August 4, 2015

Blaugust Day 4: Dear Esther Broke My Heart (And I Love It Still)

Belghast asks:  
What game that you are not playing, do you still have a deeply nostalgic connection to and why?
This post is about Dear Esther by The Chinese Room, and that it won my heart over as it broke it to smithereens. After nearly ten months, I now have the courage to write about how it did both.

all pictures in this post from the official Dear Esther
site, since I somehow lost every single one of my awesome
screenshots from my playthrough
Oh, Dear Esther. Oh, gosh, Dear Esther. Can the rest of my paragraph be my train of thought of me saying "Dear Esther" multiple times? No?! Fine. Have it your way, Inner Editor. I guess this post is also about not procrastinating.

Dear Esther is an absolute gem. It took me a few years to get Steam and actually buy it for myself, but once I did, I was absolutely pleased throughout the entire experience. Why that is, is easy explainable through trailers and reviews of the game itself. Forsaking those, Dear Esther's chilling story, combined with engaging gameplay and amazing soundtrack, were things that kept me playing throughout my experience, and then left me sobbing at the very end.

Is there ever too much of a sad factor in a good game? Because of Dear Esther, my answer is unfortunately yes. Once the puzzle pieces started to come together about the events and imagery in my head, I stared at my Steam dash in marvel and in shock simultaneously. Had what had happened...really happened in the game? Yes. Yes it had. The explanations of the narrator as I observed the scenery, combined with the scrawlings on the wall, the nuances in the music, and even the reason why I never, ever died began to make so much sense that it tore my heart in two.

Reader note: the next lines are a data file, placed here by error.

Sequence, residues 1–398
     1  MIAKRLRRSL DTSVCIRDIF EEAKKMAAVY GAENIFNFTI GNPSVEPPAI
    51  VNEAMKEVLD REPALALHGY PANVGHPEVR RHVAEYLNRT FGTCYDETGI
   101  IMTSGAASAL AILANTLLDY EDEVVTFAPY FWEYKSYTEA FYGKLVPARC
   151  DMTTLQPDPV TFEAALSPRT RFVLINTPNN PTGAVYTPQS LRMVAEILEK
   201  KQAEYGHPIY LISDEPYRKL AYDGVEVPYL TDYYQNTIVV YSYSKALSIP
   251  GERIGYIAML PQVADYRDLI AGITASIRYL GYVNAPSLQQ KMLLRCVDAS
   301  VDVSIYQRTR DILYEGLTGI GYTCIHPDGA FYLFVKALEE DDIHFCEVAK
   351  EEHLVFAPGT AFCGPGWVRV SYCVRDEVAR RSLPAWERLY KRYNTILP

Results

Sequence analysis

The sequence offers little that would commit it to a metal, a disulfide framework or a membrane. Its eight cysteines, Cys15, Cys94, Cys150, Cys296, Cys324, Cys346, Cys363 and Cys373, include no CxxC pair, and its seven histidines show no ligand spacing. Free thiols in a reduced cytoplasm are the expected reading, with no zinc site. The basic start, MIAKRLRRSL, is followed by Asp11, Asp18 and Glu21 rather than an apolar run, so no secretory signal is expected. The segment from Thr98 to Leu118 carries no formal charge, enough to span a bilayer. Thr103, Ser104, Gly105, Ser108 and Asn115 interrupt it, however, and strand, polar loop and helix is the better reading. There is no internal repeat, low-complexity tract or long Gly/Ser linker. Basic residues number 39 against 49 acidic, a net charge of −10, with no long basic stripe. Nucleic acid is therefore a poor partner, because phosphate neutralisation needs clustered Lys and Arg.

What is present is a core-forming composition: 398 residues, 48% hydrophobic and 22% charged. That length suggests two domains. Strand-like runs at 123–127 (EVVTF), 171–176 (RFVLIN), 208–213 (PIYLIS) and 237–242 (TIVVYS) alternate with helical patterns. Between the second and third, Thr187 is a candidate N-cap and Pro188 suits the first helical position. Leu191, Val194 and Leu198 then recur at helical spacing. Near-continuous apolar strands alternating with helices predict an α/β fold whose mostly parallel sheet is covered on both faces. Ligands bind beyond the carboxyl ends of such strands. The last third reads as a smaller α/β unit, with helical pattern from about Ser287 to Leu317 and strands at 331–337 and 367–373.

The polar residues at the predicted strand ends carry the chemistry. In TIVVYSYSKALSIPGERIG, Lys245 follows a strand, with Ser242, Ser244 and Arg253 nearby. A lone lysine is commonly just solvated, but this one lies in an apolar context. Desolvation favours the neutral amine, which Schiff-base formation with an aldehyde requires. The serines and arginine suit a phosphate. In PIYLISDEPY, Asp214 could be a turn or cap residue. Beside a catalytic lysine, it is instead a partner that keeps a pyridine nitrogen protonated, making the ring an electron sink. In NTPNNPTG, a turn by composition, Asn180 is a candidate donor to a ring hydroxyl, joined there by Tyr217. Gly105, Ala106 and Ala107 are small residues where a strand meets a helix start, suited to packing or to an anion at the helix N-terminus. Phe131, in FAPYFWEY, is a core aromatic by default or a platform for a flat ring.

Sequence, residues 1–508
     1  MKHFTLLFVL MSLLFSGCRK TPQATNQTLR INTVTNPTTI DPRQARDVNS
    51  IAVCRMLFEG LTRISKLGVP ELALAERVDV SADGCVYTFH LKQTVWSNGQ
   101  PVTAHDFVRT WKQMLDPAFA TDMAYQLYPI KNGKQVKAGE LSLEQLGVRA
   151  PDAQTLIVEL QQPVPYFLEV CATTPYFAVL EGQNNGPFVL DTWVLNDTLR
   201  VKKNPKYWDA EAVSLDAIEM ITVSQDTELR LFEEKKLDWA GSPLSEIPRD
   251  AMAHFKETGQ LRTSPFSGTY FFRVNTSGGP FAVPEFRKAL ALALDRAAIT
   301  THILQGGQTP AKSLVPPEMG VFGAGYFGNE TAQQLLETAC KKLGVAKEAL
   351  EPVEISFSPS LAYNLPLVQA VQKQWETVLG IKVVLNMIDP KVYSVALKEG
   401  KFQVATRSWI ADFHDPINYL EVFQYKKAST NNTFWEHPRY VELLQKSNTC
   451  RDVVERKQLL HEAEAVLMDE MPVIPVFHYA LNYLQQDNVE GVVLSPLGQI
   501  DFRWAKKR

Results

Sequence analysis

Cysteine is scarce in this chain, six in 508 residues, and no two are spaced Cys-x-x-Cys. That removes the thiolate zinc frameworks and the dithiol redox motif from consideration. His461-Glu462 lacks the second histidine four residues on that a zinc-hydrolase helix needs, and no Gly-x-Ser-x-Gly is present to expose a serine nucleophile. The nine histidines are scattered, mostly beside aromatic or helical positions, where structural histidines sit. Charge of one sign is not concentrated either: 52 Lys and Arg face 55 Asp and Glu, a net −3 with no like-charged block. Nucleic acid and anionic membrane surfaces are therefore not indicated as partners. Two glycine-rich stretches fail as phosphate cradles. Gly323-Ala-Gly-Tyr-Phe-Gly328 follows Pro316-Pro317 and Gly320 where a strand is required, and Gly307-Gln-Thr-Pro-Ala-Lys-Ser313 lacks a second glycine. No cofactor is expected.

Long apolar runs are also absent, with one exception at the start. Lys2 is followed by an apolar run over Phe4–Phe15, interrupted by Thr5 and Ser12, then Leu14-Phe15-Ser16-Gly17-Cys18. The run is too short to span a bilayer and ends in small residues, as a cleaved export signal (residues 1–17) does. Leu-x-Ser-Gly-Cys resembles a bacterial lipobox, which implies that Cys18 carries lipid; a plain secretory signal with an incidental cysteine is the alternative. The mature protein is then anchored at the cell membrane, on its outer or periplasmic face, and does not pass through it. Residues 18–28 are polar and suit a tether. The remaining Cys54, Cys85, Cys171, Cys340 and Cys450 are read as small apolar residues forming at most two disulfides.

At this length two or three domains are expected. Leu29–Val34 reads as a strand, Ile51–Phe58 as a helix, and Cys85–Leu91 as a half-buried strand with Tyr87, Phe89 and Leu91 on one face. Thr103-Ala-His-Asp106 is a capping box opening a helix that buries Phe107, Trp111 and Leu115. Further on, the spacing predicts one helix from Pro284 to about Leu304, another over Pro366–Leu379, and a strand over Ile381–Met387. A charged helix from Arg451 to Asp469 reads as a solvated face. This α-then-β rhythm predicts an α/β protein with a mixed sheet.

And because of that, I wasn't able to go back to the game. Not once after. Now, Dear Esther sits in my Steam inventory after several months, and I still can't look it straight in the title without remembering the tear-jerking story that I would love to revisit. I occasionally get the strength to listen to the soundtrack again, and I love it so, but returning to the story and the truths within the truths are still currently too much.

Would I recommend Dear Esther? Yes. Are you a soft-hearted, story-loving, music-driven person like me? Then buy it on sale. If anything, at the very least watch a playthrough if for any reason at all you can't play, but Dear Esther is such a gem that I think it's a very important milestone for anyone to take, whether they're readers, gamers, movie-lovers, or just plain thinkers and dreamers like me.

If anyone has any questions about Dear Esther, feel free to comment below and I'll share my experiences. Viva Blaugust!

This post's topic was brought to you by Belghast. 

This post's introduction was brought to you by Jeromai. 


  1. I still need to finish Dear Esther, it sounds like it'll definitely be worth it! And thanks for keeping things vague. I would have stopped reading if it got spoilery, but I did want to finish reading why the game is so important to you. Thanks for sharing your thoughts on it!

    1. I looked up spoilers after I finished in order to really understand the game. Everything's got a double meaning, so watch out for things. ;) Let me know how you like it.


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